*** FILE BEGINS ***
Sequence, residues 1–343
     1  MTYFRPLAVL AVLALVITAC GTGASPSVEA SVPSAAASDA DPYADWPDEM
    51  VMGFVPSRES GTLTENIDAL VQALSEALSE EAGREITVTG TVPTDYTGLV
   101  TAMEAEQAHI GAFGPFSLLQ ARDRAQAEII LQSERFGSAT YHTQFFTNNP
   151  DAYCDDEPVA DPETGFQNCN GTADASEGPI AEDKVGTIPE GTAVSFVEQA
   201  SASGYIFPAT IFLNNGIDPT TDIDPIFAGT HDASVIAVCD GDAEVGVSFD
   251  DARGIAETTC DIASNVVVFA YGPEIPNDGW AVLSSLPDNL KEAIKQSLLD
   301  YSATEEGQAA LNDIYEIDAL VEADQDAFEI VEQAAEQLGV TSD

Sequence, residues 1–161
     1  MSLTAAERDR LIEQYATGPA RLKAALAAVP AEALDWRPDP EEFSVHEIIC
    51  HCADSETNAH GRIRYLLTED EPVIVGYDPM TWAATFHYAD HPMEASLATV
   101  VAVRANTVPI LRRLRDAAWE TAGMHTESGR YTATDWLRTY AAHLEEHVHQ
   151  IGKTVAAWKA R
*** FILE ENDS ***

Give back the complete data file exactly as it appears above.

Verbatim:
Sequence, residues 1–343
     1  MTYFRPLAVL AVLALVITAC GTGASPSVEA SVPSAAASDA DPYADWPDEM
    51  VMGFVPSRES GTLTENIDAL VQALSEALSE EAGREITVTG TVPTDYTGLV
   101  TAMEAEQAHI GAFGPFSLLQ ARDRAQAEII LQSERFGSAT YHTQFFTNNP
   151  DAYCDDEPVA DPETGFQNCN GTADASEGPI AEDKVGTIPE GTAVSFVEQA
   201  SASGYIFPAT IFLNNGIDPT TDIDPIFAGT HDASVIAVCD GDAEVGVSFD
   251  DARGIAETTC DIASNVVVFA YGPEIPNDGW AVLSSLPDNL KEAIKQSLLD
   301  YSATEEGQAA LNDIYEIDAL VEADQDAFEI VEQAAEQLGV TSD

Sequence, residues 1–161
     1  MSLTAAERDR LIEQYATGPA RLKAALAAVP AEALDWRPDP EEFSVHEIIC
    51  HCADSETNAH GRIRYLLTED EPVIVGYDPM TWAATFHYAD HPMEASLATV
   101  VAVRANTVPI LRRLRDAAWE TAGMHTESGR YTATDWLRTY AAHLEEHVHQ
   151  IGKTVAAWKA R